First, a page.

Today, let’s take a look at another spell from the PGM (XII. 179-81):
*If you want someone to cease being angry with you, write with myrrh [on linen] this / name of anger: “CHNEOM.” Hold it in your left [hand and say]: “I am restraining the anger of all, especially of him, NN, which is CHNEOM.”
TR.: R.F. Hock
This spell sure sounds useful. There are always occasions when we have someone angry with us and we wish we could change their feelings. How convenient to have such a simple remedy!
First of all, what is myrrh? There is a variety of small thorny tree called Commiphora that, when wounded (i.e. a cut is made in the trunk) released a resin. This waxy resin is called myrrh. It starts out in the resin-gum form, and then can be manipulated for a number of uses. It was popular for perfume and incense, as we may recall from some traditional Christmas stories. It can be turned into an essential oil, which you can find in stores that sell such things, and is one of the more expensive oils.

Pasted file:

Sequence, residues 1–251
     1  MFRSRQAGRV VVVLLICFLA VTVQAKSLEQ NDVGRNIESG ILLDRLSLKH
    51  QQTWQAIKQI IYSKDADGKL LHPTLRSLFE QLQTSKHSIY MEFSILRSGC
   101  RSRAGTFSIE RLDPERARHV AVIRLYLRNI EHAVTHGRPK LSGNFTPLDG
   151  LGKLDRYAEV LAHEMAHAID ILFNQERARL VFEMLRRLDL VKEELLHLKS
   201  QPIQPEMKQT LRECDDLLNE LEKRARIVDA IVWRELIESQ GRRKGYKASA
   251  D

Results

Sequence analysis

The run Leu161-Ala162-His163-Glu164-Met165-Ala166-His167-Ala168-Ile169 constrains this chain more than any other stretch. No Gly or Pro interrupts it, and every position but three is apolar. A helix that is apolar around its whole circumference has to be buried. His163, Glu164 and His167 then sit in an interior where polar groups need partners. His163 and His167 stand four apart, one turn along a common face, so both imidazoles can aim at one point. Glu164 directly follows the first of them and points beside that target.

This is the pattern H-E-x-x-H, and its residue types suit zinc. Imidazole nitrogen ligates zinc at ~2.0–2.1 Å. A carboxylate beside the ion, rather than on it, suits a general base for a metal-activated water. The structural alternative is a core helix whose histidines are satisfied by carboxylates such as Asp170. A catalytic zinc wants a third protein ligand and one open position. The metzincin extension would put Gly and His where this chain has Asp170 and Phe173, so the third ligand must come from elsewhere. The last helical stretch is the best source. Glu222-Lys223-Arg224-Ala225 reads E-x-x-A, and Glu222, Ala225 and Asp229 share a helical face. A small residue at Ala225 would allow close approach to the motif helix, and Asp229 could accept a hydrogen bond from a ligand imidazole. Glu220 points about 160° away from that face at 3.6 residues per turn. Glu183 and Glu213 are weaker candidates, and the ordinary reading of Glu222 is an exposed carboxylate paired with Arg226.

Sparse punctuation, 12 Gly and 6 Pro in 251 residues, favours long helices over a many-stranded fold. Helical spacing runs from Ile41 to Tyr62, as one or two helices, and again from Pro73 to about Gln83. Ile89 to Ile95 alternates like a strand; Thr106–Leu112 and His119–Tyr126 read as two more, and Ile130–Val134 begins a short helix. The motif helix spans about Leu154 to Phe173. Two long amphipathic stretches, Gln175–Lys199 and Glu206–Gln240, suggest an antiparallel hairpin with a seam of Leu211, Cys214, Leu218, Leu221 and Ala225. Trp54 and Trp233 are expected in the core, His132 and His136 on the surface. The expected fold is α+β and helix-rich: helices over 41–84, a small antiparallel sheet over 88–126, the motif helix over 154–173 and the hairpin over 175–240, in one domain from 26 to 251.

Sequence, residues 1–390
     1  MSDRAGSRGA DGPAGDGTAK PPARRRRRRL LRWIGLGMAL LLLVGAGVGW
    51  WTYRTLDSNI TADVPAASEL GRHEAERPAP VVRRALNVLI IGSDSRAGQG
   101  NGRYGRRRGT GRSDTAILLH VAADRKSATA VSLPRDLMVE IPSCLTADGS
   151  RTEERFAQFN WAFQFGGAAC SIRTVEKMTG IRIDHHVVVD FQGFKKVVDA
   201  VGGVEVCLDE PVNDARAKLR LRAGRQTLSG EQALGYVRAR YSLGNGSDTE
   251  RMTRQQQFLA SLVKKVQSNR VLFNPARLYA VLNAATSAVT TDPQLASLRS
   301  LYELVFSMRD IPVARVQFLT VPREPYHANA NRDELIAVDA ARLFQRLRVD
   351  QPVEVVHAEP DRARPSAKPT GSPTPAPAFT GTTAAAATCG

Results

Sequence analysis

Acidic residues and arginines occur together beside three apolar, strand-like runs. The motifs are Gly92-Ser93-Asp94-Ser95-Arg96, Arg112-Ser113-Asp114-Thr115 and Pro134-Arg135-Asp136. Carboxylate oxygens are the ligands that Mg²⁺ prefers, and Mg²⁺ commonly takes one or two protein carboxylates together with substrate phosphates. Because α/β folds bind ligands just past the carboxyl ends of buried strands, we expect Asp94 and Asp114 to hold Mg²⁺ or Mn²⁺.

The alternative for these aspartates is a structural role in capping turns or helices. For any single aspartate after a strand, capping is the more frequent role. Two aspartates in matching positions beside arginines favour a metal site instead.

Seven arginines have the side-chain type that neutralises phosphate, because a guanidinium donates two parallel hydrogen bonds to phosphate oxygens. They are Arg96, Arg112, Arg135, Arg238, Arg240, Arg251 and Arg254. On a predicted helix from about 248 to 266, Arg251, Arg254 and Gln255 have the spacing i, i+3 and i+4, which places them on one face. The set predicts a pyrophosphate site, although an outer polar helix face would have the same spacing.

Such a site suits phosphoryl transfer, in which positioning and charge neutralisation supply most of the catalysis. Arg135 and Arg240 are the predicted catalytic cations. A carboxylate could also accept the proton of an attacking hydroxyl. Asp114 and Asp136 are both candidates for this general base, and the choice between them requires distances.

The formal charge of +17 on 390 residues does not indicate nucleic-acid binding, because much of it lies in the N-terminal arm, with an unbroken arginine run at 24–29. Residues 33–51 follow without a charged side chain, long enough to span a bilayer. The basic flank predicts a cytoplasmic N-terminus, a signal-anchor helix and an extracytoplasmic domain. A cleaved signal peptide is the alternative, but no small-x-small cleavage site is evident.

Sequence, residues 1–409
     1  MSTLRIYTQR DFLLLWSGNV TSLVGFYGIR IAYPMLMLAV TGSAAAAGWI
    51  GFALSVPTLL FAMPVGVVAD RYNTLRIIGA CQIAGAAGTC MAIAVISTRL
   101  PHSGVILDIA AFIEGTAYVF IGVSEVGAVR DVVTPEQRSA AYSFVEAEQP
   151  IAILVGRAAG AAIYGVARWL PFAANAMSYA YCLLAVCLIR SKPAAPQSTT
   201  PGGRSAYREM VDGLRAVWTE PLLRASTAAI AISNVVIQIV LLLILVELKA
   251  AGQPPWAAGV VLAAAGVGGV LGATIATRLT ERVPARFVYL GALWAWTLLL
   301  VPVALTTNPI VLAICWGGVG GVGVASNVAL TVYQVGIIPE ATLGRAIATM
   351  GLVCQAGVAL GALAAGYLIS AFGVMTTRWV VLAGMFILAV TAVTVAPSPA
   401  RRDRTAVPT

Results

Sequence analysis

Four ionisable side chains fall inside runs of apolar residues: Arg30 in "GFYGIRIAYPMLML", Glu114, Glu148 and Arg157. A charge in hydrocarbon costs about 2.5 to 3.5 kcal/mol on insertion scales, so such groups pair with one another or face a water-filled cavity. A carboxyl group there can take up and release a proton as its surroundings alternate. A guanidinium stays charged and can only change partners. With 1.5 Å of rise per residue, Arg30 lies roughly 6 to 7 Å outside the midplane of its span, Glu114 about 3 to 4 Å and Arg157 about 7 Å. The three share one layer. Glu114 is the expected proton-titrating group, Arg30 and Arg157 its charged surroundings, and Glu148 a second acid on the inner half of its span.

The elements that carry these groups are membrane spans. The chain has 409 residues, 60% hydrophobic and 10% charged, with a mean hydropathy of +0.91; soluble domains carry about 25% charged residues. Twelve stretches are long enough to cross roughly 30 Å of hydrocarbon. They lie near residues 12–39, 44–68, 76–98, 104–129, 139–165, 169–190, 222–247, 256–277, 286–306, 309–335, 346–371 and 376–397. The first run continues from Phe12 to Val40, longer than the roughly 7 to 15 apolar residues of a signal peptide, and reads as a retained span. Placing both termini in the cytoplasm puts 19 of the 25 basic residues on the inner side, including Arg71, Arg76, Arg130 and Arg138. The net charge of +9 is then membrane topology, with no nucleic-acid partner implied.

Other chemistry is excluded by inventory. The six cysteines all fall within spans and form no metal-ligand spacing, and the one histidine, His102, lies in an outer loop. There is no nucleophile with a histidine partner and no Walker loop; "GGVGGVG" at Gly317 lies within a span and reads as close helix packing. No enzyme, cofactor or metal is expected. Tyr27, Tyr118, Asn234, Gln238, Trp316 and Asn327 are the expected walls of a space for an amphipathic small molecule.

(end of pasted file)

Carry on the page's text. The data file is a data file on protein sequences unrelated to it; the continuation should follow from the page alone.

For this spell, I imagine that the intention is to use an essential oil form of myrrh to write with. It could be dipped into with a brush or even just your hands and then used to write the indicated word on the cloth. However I will admit that perhaps the resin could be used in a sort of crayon-like fashion to write; it would perhaps be more practical as the raw resin would inevitably be more affordable and available than the distilled oil.
I wonder whether the use of myrrh in a spell relating to anger has anything to do with the myth of Myrrha. There are several variations on the myth that all differ, so it’s fairly open to interpretation, but the basis is that Myrrha had intercourse with her father and gave birth to Adonis. Generally the father is the one that is tricked, and is angry when he discovers the incestuous truth, and Myrrha flees and is turned into a tree. There is certainly a strong theme of anger, especially in the wake of trickery, in this myth, so perhaps there’s something to it after all.